Men Of The Woods in Amsterdam Pt.5 – The Grand Finale
Monday was the last full day with all four of us, and it was really a terrific day. We saved the best museum, the Van Gogh, for last. There was a fascinating temporary exhibit about his painting, The Sunflowers.
First we attended a short talk about the painting. Apparently, after he painted it, Van Gogh felt that the uppermost sunflower was too close to the top edge of the canvas, so he extended the length of the canvas adding a strip of wood across the upper edge of it. X-rays revealed the strip, and the nails, and it was determined that Van Gogh himself hammered in the nails. We then checked out the real item. Photos were prohibited, but I managed to sneak one when the guard wasn’t looking.
There was another temporary exhibit about how many of Van Gogh’s paintings were like dreamscapes. In the exhibit, there were separate rooms that had something surreal or dreamy installations. The rooms were interesting and colorful, like this one with strange lucite flowers.
In these rooms, the group selfies were definitely album cover material. Like this one.
The next room was another weird dreamscape, with everything bathed in red.
This room gave rise to the best album cover group selfie of them all.
After viewing these temporary exhibits, we went back to the permanent collection. This was my fourth visit to this museum over the years, and I never get tired of it. Photos weren’t allowed, but of course, that’s a rule that I often violated.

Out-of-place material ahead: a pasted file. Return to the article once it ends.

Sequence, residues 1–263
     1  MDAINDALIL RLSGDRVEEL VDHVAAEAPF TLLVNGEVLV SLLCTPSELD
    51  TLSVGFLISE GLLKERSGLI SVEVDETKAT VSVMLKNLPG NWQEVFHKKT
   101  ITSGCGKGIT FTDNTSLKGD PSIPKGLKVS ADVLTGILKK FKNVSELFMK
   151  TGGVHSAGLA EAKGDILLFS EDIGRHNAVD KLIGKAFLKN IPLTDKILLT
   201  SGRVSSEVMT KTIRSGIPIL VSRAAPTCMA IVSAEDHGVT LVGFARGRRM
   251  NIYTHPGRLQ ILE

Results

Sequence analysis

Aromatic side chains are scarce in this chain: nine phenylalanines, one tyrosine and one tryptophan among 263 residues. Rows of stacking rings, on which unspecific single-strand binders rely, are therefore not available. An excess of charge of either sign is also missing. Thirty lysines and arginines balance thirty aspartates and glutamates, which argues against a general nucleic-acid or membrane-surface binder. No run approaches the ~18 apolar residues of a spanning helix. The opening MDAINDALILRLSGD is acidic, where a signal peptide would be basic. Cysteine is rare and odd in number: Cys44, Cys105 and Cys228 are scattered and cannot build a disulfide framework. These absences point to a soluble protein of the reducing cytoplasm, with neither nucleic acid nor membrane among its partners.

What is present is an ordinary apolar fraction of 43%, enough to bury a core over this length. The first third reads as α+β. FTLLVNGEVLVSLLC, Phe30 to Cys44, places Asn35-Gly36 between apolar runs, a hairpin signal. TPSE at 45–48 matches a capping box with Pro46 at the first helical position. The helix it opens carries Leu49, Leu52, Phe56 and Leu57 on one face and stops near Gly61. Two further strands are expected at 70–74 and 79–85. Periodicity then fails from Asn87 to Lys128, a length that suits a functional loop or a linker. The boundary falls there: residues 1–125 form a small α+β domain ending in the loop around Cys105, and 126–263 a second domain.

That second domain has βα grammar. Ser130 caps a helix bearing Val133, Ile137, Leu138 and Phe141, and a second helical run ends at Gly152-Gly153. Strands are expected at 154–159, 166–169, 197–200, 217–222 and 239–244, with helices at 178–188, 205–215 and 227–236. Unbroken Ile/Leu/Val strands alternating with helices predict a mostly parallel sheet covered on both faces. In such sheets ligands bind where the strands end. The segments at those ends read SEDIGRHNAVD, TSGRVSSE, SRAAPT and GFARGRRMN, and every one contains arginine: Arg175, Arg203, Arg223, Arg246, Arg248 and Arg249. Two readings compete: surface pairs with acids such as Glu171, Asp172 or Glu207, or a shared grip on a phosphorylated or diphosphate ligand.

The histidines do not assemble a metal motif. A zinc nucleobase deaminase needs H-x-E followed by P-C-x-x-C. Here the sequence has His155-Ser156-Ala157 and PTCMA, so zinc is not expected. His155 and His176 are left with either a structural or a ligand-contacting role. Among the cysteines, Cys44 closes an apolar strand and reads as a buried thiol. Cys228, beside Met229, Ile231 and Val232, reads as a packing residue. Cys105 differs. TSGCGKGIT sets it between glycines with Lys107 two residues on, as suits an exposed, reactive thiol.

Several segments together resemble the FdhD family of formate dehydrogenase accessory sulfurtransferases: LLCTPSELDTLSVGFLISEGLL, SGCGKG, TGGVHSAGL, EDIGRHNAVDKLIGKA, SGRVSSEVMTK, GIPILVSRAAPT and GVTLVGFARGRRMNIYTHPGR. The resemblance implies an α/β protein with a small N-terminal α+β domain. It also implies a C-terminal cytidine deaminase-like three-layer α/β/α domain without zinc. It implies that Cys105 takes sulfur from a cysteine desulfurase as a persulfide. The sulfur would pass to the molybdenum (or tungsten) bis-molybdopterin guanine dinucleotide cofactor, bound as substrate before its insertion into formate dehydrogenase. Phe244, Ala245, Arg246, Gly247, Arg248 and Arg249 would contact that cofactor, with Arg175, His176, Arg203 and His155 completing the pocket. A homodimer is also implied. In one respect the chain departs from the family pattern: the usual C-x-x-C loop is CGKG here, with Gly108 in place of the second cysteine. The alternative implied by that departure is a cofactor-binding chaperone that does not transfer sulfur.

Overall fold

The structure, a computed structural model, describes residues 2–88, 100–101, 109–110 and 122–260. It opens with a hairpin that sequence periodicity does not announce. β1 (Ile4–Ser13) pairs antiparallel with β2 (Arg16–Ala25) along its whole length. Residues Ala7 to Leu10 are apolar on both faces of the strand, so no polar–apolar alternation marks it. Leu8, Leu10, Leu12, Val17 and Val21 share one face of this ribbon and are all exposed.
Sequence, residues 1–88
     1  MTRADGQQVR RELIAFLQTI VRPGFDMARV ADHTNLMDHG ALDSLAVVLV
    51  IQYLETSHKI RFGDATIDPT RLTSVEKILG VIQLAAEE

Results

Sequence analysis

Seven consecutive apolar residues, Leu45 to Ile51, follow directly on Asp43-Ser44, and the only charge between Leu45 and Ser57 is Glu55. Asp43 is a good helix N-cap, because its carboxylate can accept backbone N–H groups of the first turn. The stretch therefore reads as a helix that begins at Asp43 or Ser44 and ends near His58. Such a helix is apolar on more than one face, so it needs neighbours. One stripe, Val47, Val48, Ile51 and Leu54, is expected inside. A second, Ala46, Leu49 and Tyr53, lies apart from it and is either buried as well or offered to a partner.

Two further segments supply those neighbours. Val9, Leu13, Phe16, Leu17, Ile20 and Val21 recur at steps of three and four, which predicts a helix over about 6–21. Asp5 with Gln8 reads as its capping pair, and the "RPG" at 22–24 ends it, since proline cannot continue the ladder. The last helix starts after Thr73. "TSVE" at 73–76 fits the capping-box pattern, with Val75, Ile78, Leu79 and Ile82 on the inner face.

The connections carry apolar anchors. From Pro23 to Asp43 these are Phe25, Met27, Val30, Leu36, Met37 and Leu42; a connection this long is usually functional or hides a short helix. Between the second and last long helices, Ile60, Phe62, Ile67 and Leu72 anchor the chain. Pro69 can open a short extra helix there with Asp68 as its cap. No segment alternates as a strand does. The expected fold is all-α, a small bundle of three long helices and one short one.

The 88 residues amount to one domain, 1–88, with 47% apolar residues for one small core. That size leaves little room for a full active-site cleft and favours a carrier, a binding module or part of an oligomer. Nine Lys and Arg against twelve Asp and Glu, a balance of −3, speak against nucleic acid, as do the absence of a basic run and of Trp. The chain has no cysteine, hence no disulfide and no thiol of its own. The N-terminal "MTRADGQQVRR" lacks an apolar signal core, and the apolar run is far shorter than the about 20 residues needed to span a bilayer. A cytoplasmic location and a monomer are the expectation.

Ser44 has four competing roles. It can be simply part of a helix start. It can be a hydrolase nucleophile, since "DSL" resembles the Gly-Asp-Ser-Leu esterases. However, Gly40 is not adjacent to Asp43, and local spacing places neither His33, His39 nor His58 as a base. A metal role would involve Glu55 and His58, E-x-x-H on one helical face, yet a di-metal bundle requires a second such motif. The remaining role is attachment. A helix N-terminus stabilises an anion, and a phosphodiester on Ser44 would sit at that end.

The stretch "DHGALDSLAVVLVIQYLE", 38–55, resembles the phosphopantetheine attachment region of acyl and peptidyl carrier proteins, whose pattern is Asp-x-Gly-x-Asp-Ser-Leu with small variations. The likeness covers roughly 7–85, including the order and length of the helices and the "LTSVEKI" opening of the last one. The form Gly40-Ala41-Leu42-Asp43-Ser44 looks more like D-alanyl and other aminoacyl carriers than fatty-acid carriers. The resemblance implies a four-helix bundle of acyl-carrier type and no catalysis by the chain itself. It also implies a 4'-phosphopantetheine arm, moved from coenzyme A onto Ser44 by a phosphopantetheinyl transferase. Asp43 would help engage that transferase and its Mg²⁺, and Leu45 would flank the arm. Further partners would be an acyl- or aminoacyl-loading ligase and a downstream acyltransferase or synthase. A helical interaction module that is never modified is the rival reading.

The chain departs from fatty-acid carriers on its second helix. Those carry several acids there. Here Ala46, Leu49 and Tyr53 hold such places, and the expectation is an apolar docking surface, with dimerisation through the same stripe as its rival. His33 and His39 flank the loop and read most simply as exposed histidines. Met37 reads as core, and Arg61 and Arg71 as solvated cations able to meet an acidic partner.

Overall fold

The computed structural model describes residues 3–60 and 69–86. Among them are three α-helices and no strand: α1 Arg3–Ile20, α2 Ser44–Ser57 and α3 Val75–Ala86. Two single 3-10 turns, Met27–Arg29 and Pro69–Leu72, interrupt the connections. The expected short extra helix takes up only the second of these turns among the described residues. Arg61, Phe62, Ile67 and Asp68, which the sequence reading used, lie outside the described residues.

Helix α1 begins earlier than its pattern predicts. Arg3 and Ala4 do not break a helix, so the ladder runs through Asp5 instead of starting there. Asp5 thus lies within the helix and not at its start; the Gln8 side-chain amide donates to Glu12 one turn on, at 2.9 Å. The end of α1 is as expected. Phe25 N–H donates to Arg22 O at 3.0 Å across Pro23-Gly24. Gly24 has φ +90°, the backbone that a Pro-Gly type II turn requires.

The view of the museum from the balcony is pretty nice, and was a great place for another album-cover group selfie, which I took despite the security guard’s vocal objection. For heaven’s sake, I’m not taking photos of the precious artwork.
Anyway, after the museum, we took a stroll through the Red Light district. Photos of the girls in the windows are not allowed, and this was a rule that I did not violate. In this area, there are also a lot of coffeeshops. The most popular one is The Bulldog. All that weed smoking affects their ability to do math, apparently.
Chaz and Rosen again popped inside, to get supplies for tonight’s concert. Plumeau waited outside, but he wasn’t alone.
Music played a big role during our Binghamton days. It was a constant presence. While I brought an enthusiasm for punk and new wave into the mix, our true love was definitely for classic rock, and one of our top groups was Pink Floyd. They were definitely Plumeau’s favorite group. In fact, we painted the logo from the Wish You Were Here record label on the wall of our suite at Binghamton.